Giving great service is what buyers want, what eBay are encouraging, and what will ultimately determine how successful you are. There really is no secret – great service will result in great feedback, but the tips above could help along the way.
Re communicating with buyers I saw this despatch note ideaon Inkfrog forum
If for some reason you deem this transaction not suitable for positive feedback and *FULL 5 STAR* rating, please EMAIL ME FIRST so we can resolve any issues! Otherwise, I hope it all went smoothly for you as it did for me and I will be leaving you positive feedback, and full 5 star rating too!
Its slightly misleading as we cannot rate the buyer by Stars, but it reads well.
I have had some interesting chats with buyers recently. All were unaware of the growing importance of DSRs to sellers. One quite amusing quote came from a friend:
“I always give high marks. I got amazing service the other day and left the seller 4s across the board!”
When I explained the recent changes, and explained that if everything’s perfect, or at least all in order and you’re well pleased, that leaving less than a 5 could be detrimental to the seller he was amazed and readily agreed that he would now, needless to say, be leaving 5s when he was ‘well pleased.’
But he did ask the big question: why haven’t eBay told me about this?
Indeed it is a big question Dan.
and when all the above good advice (thanks chris) is ticked off in the to do box……
fingers crossed that the buyer isn’t tempted to leave low dsr, hoping to get an ebay ‘reach out to the buyers’ 10% discount voucher.
– ‘lets create a carrot and stick discounts scheme, then think of ways to make the carrot bigger and bigger (like double discount bonus) but also, make the stick longer and longer and longer and …….’ 😉
I’m still trying to figure out what’s the point of feedback for buyers with the forthcoming changes, it all seems a bit pointless.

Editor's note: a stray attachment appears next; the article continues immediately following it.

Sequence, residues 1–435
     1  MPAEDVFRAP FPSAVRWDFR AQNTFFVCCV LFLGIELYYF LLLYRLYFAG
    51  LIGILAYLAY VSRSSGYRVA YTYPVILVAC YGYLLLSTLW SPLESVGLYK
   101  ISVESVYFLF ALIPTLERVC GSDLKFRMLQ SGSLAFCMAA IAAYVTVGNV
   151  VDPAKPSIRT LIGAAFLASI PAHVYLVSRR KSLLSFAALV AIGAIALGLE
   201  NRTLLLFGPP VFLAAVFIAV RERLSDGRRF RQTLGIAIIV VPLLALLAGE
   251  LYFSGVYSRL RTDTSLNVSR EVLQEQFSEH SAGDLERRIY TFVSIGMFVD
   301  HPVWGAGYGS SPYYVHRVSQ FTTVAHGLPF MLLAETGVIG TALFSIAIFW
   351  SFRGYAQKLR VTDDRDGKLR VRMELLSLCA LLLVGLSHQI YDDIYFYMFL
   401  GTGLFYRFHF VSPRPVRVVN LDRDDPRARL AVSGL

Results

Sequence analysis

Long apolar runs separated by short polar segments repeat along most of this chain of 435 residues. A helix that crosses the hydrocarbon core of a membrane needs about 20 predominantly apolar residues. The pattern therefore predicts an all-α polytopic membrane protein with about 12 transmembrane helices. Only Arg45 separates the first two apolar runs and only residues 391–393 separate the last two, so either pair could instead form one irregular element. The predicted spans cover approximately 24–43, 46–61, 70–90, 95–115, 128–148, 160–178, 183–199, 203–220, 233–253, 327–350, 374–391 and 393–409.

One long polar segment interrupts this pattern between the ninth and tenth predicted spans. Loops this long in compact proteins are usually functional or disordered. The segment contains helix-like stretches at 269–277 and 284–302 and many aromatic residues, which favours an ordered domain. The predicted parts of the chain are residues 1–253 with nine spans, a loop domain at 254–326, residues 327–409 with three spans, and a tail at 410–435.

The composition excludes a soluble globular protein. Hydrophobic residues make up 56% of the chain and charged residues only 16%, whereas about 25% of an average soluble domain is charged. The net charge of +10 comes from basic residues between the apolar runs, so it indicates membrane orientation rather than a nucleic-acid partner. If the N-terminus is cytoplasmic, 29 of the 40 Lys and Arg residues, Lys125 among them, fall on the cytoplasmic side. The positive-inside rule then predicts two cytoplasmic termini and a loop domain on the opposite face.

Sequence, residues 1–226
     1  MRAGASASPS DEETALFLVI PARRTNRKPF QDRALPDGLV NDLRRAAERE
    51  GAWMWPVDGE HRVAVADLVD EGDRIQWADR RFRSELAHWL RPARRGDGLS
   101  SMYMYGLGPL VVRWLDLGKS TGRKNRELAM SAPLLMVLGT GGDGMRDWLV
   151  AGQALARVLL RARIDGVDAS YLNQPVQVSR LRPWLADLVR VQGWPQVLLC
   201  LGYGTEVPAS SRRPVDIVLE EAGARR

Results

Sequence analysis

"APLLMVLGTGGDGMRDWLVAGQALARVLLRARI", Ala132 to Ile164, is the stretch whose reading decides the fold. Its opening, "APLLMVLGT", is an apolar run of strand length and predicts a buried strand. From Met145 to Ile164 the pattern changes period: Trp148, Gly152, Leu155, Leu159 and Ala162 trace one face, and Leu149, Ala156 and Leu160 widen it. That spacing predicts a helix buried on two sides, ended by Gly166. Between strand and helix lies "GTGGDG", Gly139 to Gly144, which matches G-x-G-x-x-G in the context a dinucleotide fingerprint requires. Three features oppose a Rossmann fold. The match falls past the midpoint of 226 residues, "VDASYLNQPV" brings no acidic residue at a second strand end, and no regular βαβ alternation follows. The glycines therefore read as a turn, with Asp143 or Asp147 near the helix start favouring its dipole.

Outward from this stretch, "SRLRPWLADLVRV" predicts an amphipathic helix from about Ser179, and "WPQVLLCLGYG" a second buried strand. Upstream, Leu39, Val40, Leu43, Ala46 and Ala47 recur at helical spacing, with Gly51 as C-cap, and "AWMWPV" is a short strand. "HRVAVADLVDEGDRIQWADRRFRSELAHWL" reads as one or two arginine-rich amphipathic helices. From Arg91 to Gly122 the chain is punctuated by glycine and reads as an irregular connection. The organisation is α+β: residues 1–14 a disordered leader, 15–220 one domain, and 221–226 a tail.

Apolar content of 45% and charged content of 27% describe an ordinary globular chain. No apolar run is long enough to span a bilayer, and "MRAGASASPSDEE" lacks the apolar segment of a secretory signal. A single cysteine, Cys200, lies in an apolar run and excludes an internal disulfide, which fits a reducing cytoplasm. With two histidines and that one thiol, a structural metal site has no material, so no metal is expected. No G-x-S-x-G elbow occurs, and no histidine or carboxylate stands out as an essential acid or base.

I think feedback may get more factual rather than just a standard “A+ buyer…” It may actually be more helpful to another seller if rather than a + or – rating, there is a description of how the buyer has acted.
“Iâ€™m still trying to figure out whatâ€™s the point of feedback for buyers with the forthcoming changes, it all seems a bit pointless.”
And quite honestly what’s changed? Buyer feedback has only ever been a nice thing to have, or a useful start for a selling ID. It’s never enabled or disabled a buyer from buying. The only use of buyer feedback is that they *like* seeing the numbers go up and new star colours so it’s a great marketing exercise but not a lot else.
hi chris –
you said; ”The only use of buyer feedback is that they *like* seeing the numbers go up and new star colours so itâ€™s a great marketing exercise but not a lot else”.
but, i agree with what you said earlier; 😉
”It appears by telling a buyer they were a good customer theyâ€™re more likely to rate you as good seller. Buyers appear more reluctant to leave poor feedback when theyâ€™ve already received a positive themselves”.
If you do get a nasty buyer though, please make sure to submit the eBay ID to Rottenbidders.com, which is a venue for sellers to share bidder blacklists so we can avoid dealing with buyers with a history of not paying upon winning, unrealistic expectations, and scamming sellers, etc.
I agree with most of what you say.